Thursday, February 23, 2017

Serve + Renew Community Via Local Schools

The local public schools provide an excellent means for the average Christian to serve his or her community. If your church wants to discover the real needs of your community and have a lasting impact through meeting those needs, start with the closest school, preferably public. If you want to follow the example of Jesus and extend God’s love to the disadvantaged, start with a public school. If you want to build relationships with people across the socioeconomic and racial spectrum in your community, start with a local public school. If you want to teach your children how to notice the needs of others where they live, start by getting involved at a local public school. If you want to know your community beyond your immediate circle of friends, getting involved with the public school is a great way to expand your circle.

The Best Thing You Can Offer:
There will always be financial and facility needs. But the best asset you can offer a school is not necessarily a new program or a new project—it’s people. (And, as far as starting programs go, people who are already involved and relationally connected are much better positioned to begin programs that actually make a significant difference.)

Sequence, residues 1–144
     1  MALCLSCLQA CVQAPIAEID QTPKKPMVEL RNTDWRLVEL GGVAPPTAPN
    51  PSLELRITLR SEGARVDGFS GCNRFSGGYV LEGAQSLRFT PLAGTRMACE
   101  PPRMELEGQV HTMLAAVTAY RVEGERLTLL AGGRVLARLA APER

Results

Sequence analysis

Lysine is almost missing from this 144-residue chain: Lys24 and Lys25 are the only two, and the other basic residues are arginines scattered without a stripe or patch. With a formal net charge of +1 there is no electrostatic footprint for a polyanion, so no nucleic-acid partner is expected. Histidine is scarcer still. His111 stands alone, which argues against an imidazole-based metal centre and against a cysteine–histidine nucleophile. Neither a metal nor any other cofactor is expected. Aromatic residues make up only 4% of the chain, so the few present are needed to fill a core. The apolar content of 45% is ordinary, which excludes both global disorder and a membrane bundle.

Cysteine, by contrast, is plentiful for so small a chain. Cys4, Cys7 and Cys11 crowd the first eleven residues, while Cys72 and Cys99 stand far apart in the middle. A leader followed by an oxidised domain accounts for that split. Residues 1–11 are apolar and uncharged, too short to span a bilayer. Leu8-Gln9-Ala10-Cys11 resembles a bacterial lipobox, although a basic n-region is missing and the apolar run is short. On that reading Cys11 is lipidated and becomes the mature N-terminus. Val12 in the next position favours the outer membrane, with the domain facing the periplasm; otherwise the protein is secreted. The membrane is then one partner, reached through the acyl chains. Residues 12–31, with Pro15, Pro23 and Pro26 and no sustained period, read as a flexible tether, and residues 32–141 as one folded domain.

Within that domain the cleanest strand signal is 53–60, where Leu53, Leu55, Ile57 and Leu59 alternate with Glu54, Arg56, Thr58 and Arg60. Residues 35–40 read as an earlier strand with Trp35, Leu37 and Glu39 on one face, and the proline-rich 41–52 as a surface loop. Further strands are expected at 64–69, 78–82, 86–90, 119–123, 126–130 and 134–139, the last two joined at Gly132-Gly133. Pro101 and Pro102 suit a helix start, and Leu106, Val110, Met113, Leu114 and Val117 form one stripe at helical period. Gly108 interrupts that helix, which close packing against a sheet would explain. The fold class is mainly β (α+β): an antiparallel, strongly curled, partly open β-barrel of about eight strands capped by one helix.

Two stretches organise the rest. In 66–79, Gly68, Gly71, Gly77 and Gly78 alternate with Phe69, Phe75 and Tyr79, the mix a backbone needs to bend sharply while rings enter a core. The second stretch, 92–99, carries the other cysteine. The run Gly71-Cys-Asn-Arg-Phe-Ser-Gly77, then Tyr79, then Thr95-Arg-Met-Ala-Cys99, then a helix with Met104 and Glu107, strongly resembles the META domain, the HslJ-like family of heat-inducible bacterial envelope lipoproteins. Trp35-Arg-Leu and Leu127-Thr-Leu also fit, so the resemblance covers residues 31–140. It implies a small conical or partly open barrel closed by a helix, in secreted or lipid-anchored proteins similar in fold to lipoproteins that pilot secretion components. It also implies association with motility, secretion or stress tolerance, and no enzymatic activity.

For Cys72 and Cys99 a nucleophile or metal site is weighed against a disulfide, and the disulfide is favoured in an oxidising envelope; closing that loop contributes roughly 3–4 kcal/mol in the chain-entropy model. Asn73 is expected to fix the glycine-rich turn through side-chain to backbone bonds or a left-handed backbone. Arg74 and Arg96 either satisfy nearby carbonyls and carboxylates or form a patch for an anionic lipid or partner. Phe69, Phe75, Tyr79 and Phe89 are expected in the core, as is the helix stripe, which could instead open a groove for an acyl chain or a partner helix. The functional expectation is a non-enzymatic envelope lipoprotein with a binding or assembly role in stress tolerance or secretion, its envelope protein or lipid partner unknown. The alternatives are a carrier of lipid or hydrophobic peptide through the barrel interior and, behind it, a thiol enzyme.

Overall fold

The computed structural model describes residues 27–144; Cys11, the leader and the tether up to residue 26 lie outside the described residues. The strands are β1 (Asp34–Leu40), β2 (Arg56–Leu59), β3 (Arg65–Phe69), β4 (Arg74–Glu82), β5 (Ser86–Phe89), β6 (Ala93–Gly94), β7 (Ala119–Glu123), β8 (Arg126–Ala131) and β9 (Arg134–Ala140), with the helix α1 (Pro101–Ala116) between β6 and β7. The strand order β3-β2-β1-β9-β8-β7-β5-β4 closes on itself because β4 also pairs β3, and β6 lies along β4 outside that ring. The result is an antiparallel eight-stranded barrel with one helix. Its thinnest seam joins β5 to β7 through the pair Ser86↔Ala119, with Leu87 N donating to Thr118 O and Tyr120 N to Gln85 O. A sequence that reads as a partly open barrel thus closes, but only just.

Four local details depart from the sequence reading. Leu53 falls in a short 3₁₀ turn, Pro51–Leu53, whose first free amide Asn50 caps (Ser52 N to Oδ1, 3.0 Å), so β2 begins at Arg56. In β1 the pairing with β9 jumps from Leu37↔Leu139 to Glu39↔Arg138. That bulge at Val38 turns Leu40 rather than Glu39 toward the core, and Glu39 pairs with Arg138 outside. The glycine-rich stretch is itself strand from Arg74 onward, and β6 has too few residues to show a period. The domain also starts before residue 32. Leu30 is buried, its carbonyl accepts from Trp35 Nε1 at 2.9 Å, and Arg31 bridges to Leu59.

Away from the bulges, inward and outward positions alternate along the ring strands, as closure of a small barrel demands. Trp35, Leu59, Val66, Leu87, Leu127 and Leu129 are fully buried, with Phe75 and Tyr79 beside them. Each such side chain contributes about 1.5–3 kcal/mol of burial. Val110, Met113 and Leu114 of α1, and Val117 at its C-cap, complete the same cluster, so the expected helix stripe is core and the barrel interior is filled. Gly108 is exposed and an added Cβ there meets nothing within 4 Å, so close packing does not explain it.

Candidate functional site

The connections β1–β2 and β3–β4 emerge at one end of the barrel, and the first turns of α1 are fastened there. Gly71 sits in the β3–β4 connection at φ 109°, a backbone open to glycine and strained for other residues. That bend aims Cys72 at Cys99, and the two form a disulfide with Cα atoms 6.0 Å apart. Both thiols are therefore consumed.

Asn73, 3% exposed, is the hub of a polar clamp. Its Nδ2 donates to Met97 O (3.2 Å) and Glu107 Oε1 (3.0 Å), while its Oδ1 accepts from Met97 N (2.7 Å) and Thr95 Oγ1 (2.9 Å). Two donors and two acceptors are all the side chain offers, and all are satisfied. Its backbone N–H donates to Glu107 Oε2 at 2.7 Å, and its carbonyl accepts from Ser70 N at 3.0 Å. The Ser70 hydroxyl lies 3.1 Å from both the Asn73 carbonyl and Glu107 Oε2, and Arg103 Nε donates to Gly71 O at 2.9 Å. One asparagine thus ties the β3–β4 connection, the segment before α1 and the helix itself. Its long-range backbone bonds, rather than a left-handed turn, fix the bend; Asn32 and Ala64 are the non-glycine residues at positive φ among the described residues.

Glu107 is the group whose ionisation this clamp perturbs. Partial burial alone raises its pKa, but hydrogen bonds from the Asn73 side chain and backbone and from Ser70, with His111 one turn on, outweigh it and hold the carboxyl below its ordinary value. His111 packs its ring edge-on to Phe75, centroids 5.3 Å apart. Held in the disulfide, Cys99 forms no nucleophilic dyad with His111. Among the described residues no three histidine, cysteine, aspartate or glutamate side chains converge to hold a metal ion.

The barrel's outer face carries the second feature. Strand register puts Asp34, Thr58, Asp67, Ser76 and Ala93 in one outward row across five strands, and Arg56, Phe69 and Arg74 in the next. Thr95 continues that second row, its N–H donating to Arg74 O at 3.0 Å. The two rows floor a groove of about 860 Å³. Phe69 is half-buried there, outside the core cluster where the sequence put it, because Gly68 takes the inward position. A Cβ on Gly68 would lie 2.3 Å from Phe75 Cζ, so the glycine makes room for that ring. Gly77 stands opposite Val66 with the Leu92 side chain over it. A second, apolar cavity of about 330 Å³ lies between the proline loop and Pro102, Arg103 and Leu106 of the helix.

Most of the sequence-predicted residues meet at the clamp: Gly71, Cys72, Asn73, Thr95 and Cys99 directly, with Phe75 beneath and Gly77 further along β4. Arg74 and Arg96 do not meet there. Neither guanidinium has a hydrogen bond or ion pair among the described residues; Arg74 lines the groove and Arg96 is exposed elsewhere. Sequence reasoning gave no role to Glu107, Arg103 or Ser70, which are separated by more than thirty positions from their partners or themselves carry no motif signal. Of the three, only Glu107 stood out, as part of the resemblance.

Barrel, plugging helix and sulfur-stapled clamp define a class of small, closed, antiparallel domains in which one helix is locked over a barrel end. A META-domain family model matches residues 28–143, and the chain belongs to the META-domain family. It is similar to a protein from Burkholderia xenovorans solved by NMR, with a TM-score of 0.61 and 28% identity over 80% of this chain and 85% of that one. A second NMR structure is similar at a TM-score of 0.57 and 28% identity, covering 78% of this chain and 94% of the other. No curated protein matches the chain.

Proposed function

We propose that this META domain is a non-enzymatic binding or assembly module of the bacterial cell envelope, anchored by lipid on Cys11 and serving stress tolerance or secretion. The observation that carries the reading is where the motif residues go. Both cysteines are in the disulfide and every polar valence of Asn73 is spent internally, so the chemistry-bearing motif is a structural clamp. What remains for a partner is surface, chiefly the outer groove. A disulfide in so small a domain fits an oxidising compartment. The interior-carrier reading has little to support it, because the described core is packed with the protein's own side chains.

Here is a List of Ideas You Might Consider:

  • Coach or help coach a sport or run a theater program.
  • Offer to volunteer answering the phone and/or working the front reception area a couple of hours a week. 
  • Tutor a child. Every school has kids in dire need of someone who cares. This is also a fantastic connection with the families of students.
  • Join a team. Become a member of groups such as the PTA or sit on a school council. These committees provide meaningful connections with parents and other community members. 
  • Get technical. If you have some sort of skill set in technology, offer your assistance. There is always a need for computer skills, website help, and even help with the school network administration. 
  • Go places. Teachers are always in need of parents to chaperone field trips. 
  • Volunteer with a teacher. Teachers do a lot more than just teach kids. There is a ton of organization necessary, tests and homework to be graded, and a number of other things that require the teacher’s time.
  • Volunteer at the school library. Most schools are short on funding to pay someone to run their library, so they rely on volunteer help to keep the library open for students. Offer to check out books for people or stock them. Assist students or even offer to donate money for some needed books.

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